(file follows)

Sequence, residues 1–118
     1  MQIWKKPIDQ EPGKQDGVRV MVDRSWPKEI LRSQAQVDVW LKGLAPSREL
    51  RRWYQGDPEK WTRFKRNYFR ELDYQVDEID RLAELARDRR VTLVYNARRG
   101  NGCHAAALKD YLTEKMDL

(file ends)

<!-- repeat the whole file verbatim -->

Sequence, residues 1–118
     1  MQIWKKPIDQ EPGKQDGVRV MVDRSWPKEI LRSQAQVDVW LKGLAPSREL
    51  RRWYQGDPEK WTRFKRNYFR ELDYQVDEID RLAELARDRR VTLVYNARRG
   101  NGCHAAALKD YLTEKMDL